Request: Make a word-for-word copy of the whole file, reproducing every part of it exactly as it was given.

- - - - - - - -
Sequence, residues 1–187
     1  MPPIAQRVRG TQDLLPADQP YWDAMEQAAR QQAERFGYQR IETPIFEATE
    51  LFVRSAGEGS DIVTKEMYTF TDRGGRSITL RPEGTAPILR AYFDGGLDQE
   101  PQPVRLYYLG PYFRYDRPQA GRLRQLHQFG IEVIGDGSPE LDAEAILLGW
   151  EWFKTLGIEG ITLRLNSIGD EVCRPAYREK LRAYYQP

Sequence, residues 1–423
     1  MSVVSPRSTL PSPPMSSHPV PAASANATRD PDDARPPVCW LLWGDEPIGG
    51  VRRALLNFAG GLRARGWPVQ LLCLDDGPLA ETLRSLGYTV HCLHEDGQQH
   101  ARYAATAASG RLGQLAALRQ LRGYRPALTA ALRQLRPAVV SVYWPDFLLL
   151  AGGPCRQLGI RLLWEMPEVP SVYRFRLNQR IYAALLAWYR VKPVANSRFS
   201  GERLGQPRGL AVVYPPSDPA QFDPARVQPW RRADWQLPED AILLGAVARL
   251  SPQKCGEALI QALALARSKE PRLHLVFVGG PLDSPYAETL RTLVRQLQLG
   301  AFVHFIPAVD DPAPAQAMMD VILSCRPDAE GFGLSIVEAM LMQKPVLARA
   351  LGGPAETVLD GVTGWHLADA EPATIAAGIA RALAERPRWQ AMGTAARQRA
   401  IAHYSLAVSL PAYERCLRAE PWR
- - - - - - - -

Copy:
Sequence, residues 1–187
     1  MPPIAQRVRG TQDLLPADQP YWDAMEQAAR QQAERFGYQR IETPIFEATE
    51  LFVRSAGEGS DIVTKEMYTF TDRGGRSITL RPEGTAPILR AYFDGGLDQE
   101  PQPVRLYYLG PYFRYDRPQA GRLRQLHQFG IEVIGDGSPE LDAEAILLGW
   151  EWFKTLGIEG ITLRLNSIGD EVCRPAYREK LRAYYQP

Sequence, residues 1–423
     1  MSVVSPRSTL PSPPMSSHPV PAASANATRD PDDARPPVCW LLWGDEPIGG
    51  VRRALLNFAG GLRARGWPVQ LLCLDDGPLA ETLRSLGYTV HCLHEDGQQH
   101  ARYAATAASG RLGQLAALRQ LRGYRPALTA ALRQLRPAVV SVYWPDFLLL
   151  AGGPCRQLGI RLLWEMPEVP SVYRFRLNQR IYAALLAWYR VKPVANSRFS
   201  GERLGQPRGL AVVYPPSDPA QFDPARVQPW RRADWQLPED AILLGAVARL
   251  SPQKCGEALI QALALARSKE PRLHLVFVGG PLDSPYAETL RTLVRQLQLG
   301  AFVHFIPAVD DPAPAQAMMD VILSCRPDAE GFGLSIVEAM LMQKPVLARA
   351  LGGPAETVLD GVTGWHLADA EPATIAAGIA RALAERPRWQ AMGTAARQRA
   401  IAHYSLAVSL PAYERCLRAE PWR